Bring Your Family Closer Together With One Simple Action

Do you want to ensure that your kids grow up healthy and have strong bonds with you and with each other? With one simple action, you can help bring your family closer together!

Have family dinners as often as possible. Even if your busy schedule only allows a few each week, all of you will benefit from gathering for meals together.

The Importance of Family Dinners

1.      Connect with your children. Family dinners are a time to enjoy each other’s company and love. By fostering pleasant and friendly conversation, everyone gets a chance to talk and listen to each other. Eating together makes it much easier to keep up with what’s going on in your children’s lives. Connection is so important. We are learning to slow down in life, connect, listen and tune in as we leave this old system in the matrix we’ve been living.

2.      Encourage healthy eating. Set a good example by providing balanced meals with plenty of vegetables, fruits, whole grains, and lean protein. Explain why broiling fish is healthier than frying it. Kids who learn what sensible portions look like will be less vulnerable to becoming overweight. Educate your family on the importance of eating clean/organic food, growing your own vegetables and herbs and why we should stay away from anything else otherwise. You can suggest documentaries such as Rockefeller Medicine, FOOD INC., Plastic Medicine, The Magic Pill, The Truth About Cancer and War on Health to help in their awakening process. Carnegie, J.P. Morgan and Rockefeller all colluded in a robber baron takeover in the 1930’s and introduced the illuminati diet.

3.      Improve your children’s emotional well being. Many studies confirm that children who eat with their families have dramatically lower risks for depression, substance abuse, suicide, and premarital sexual activity. When you keep daily communication flowing, your kids are more likely to feel loved and to come to you with sensitive issues. We are learning to reconnect the family unit and get back to family values, spending more time together and being present to listen.

4.      Reduce stress. Family dinners help relieve stress for both parents and children. Give yourselves time to relax after the tensions that build up at work and school. Then you can settle down to homework or a movie with a clear mind.

5.      Teach social skills. Meals are about more than food. Young people need opportunities to practice table manners and polite conversation long before they tackle their first business lunch.

6.      Help your kids get better grades. Studies also show that kids do better in school when they grow up in homes where family dinners are a routine. It’s one more sign that involved parents are key to a good education. Younger children get a big boost in language skills and vocabulary by talking with adults and older siblings.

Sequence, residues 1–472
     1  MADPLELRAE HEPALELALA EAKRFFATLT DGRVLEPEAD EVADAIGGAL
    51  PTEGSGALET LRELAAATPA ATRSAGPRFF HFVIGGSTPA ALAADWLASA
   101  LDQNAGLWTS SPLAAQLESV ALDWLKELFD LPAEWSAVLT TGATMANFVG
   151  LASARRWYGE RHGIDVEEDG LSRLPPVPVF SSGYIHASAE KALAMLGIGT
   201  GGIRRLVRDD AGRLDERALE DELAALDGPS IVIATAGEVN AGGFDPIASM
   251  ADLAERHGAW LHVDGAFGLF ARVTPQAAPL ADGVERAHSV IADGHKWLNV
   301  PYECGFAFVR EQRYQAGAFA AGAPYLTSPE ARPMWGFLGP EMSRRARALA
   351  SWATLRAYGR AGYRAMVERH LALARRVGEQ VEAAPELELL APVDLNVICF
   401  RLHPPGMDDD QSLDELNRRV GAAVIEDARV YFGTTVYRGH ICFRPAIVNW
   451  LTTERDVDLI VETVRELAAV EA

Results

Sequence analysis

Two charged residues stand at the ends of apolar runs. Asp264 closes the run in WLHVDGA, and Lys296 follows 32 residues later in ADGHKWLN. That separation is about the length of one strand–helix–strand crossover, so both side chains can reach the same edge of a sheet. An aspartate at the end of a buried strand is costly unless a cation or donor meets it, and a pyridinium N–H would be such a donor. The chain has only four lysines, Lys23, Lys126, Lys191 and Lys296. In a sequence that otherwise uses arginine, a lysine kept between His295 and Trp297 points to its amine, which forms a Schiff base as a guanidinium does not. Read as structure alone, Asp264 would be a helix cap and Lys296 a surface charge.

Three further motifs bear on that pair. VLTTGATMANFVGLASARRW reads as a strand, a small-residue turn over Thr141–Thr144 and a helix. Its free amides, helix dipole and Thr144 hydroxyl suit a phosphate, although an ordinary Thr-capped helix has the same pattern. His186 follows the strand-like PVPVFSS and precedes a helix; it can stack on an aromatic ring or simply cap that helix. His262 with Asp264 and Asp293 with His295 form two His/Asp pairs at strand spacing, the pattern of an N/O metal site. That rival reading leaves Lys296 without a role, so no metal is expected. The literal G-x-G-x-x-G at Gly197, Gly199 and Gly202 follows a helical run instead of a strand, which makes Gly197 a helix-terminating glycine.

7.      Save money. Meals at home are much less expensive than eating out. The money you save on dinner can help pay for family vacations and college tuition.

How to Find Time for Family Dinners

1.      Keep a family calendar. If you need to schedule work, school and extracurricular activities, a calendar will help you design a routine that’s feasible for you. Cut back on overtime or prioritize outside activities if it enables the family to sit down together a few times a week.

2.      Prepare simple meals. Collect quick recipes and keep your kitchen stocked with all the basics. Salads and stir-fries are healthy and fast. Crock pot meals are another simple approach.

3.      Plan ahead on weekends. Take advantage of any free time to bake lasagna or make a pot of chili. Freeze leftovers for quick weekday eating.

4.      Get takeout food. Store the numbers for your family’s favorite takeout in your phone. Good options include restaurants that adhere to organic standards. It might be a few that are around, but until the great awakening event and our new earth, the options are slim.

5.      Involve the whole family in making dinner. Work together as a team to share responsibilities. Even small children can assist with setting the table and planning the menu while older kids cook or clean up.

6.      Encourage compromise. Give everyone a turn to suggest or prepare his or her favorite dishes. Kids will learn to accommodate others and express their preferences appropriately.

7.      Turn off the television and phones. Except for emergencies, take a break from answering the phone or watching TV during dinnertime. Focus on each other and on your conversation.

Family dinners are a wonderful opportunity to spend time together. With this one simple practice, you can get closer to your kids and help them grow up healthy and happy.